Community builds own road

Local government failed to help such a tiny community so the people took matters into their own hands
A modest but well-built road that will change lives

February 2015, Gilgit-Baltistan: Because the tiny village of just 150 households had no road of any sort, the villagers could not use any machinery to till their 300 fields. No tractors, trucks or threshers could be used to help till the land, harvest the crops, or transport them to market. It was a place lost in time: work was hard, harvests modest, and the cost and effort of getting crops to market meant their incomes were tiny.

While a link road to the village was the first priority for the village, the Local Support Organisation (LSO) that also supported other villages could only assign a modest part of its overall budget to serve such a small community.

So the Deeping Participatory Governance (DPG) project team prepared a feasibility study and sat down with the villagers to work out a way to build the 1.2 km road for just 700,000 rupees (around EUR 6,000). Of this, the LSO agreed that 600,000 rupees could be covered with the DGP project funding if the villagers would contribute the rest, mainly in terms of local materials.

The road was completed in 8-9 months. At the inauguration ceremony, when the commissioner, the deputy commissioners, and political representatives arrived, they were astonished at the quality of the construction and how inexpensively the road had been built.
This was far less than it would have cost the local government to complete it, they declared. The villagers explained this was because they did much of the work themselves, and had provided the land for the road without seeking compensation, since they needed the road so badly.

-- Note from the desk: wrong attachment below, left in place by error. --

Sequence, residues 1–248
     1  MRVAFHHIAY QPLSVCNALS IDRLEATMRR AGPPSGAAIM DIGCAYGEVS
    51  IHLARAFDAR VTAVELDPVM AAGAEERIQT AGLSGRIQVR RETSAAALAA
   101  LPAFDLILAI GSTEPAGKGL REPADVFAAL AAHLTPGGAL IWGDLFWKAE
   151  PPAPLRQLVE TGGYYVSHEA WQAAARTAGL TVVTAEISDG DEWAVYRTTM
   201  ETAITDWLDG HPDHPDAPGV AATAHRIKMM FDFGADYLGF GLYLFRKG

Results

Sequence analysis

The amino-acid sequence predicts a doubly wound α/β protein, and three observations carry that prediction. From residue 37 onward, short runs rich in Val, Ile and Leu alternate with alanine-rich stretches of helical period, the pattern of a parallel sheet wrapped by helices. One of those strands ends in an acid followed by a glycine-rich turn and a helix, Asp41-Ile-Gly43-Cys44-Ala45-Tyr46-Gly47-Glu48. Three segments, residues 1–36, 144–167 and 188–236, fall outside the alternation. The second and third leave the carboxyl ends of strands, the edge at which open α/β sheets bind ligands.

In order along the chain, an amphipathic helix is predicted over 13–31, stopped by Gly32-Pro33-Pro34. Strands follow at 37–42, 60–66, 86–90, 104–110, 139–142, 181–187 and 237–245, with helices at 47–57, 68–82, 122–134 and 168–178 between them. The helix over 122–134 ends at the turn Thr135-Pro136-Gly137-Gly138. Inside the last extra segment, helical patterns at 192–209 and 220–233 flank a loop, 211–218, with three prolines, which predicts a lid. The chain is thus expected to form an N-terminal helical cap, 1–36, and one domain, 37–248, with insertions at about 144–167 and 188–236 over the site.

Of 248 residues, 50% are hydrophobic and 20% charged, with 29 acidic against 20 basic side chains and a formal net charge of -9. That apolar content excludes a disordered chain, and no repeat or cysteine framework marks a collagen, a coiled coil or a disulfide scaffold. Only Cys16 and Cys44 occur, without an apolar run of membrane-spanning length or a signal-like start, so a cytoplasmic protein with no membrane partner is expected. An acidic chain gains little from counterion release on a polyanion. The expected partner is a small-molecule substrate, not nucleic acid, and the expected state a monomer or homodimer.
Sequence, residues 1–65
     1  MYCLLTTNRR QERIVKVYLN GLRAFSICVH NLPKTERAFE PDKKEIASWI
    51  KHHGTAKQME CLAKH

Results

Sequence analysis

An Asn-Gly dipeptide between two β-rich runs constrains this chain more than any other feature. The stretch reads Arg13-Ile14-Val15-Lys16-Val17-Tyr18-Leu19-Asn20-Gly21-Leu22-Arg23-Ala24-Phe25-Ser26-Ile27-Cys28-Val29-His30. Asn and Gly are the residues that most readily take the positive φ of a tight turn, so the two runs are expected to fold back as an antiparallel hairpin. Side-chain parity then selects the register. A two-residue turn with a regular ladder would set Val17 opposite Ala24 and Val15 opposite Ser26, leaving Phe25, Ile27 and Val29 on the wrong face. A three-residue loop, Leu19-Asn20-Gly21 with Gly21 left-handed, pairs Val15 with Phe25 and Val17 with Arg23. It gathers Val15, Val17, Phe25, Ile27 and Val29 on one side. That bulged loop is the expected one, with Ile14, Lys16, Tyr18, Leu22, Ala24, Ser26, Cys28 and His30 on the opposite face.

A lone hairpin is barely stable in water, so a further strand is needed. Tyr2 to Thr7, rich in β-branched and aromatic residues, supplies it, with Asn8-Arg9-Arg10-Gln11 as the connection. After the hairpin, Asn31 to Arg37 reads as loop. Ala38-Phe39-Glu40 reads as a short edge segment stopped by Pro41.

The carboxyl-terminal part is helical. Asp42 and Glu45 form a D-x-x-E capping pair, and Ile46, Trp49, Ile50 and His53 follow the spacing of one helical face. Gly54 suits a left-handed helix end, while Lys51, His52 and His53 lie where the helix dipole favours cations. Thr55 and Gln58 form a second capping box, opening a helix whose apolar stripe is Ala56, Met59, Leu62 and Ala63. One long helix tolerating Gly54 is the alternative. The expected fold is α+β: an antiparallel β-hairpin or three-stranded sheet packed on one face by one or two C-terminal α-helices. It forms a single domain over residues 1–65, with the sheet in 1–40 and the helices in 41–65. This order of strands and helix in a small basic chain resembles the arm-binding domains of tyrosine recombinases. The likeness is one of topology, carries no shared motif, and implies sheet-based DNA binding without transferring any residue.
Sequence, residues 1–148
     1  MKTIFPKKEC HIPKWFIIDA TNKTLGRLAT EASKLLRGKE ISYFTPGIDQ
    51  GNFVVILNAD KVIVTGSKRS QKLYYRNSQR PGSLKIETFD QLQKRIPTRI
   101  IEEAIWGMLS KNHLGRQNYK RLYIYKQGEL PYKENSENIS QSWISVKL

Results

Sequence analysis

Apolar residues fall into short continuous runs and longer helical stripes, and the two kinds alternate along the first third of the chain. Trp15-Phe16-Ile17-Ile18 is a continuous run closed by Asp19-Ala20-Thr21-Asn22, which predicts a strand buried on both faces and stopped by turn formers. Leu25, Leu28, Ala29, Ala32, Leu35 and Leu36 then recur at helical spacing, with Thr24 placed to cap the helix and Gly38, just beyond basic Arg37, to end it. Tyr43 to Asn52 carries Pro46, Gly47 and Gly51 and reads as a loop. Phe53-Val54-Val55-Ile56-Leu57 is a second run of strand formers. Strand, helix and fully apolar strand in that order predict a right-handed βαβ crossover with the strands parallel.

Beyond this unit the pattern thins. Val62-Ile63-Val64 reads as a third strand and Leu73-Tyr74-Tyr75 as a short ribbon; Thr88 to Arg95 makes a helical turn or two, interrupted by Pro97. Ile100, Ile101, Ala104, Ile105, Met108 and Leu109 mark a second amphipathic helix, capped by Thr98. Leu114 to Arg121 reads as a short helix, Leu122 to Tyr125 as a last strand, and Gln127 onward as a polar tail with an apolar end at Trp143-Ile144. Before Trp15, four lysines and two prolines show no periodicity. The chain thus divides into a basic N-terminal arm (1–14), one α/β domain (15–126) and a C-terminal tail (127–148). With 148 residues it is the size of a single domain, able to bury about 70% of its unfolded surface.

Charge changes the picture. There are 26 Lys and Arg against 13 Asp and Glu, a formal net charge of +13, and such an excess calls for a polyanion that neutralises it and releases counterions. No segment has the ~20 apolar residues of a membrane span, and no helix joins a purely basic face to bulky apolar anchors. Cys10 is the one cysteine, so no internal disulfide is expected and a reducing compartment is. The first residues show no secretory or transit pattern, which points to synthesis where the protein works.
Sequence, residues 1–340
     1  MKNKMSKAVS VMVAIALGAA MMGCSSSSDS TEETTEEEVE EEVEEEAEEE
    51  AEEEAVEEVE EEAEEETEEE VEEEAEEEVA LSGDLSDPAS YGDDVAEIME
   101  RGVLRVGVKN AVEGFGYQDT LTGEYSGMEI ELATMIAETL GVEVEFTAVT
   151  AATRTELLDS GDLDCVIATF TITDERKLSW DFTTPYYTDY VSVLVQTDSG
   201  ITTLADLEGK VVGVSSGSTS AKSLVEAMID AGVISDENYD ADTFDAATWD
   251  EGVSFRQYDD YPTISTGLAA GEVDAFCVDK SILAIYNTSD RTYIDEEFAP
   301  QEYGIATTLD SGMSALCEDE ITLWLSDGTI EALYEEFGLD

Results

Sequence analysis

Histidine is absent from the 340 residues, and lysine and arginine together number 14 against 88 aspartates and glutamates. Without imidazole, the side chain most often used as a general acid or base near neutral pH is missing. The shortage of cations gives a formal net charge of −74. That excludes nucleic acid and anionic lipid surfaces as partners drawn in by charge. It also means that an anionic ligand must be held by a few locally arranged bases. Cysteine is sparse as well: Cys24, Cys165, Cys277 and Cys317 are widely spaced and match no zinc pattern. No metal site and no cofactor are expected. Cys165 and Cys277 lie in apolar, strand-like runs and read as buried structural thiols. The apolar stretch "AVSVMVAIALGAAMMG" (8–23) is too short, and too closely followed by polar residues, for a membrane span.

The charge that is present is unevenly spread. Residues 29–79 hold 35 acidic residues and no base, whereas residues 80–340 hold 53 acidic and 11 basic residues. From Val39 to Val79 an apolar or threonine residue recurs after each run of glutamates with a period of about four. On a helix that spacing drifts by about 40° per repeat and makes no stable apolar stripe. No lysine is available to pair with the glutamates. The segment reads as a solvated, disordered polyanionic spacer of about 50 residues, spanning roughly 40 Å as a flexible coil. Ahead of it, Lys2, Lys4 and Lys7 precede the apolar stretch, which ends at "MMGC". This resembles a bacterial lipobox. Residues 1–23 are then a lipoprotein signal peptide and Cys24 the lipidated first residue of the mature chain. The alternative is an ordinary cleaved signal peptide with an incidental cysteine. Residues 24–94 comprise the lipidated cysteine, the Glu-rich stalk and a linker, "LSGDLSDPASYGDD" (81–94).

Given the extensive needs of the area and the modest budget to cover it, the Commissioner was deeply impressed by this model, and the commitment the villagers had shown. He even agreed to incorporate other LSO priorities into his annual budget. As a next step the government will help fund a boundary wall around the local school, essential to improve security in particular for the female students. Once again, the investment will be modest, because the community will be happy to participate in this priority activity by contributing their labour and local materials.

Fact Box

Deepening Participatory Governance in Gilgit-Baltistan

Total budget:
EUR 830,000

EU Contribution:
EUR 750,000

June 2013 – March 2016

100,000 persons of which 50% include women, poor and marginalised groups

During the inauguration ceremony of the community link road
“The community engagement in the planning process ensures the genuine community needs/problems are addressed in a very transparent way.”

Assistant Commissioner Shigar, Mr. Jaffar

Fact Box

Length of road:
1.2 km

Total cost:
700,000 rupees

Project contribution:
600,000 rupees

Community contribution:
100,000 rupees, plus land and labour costs

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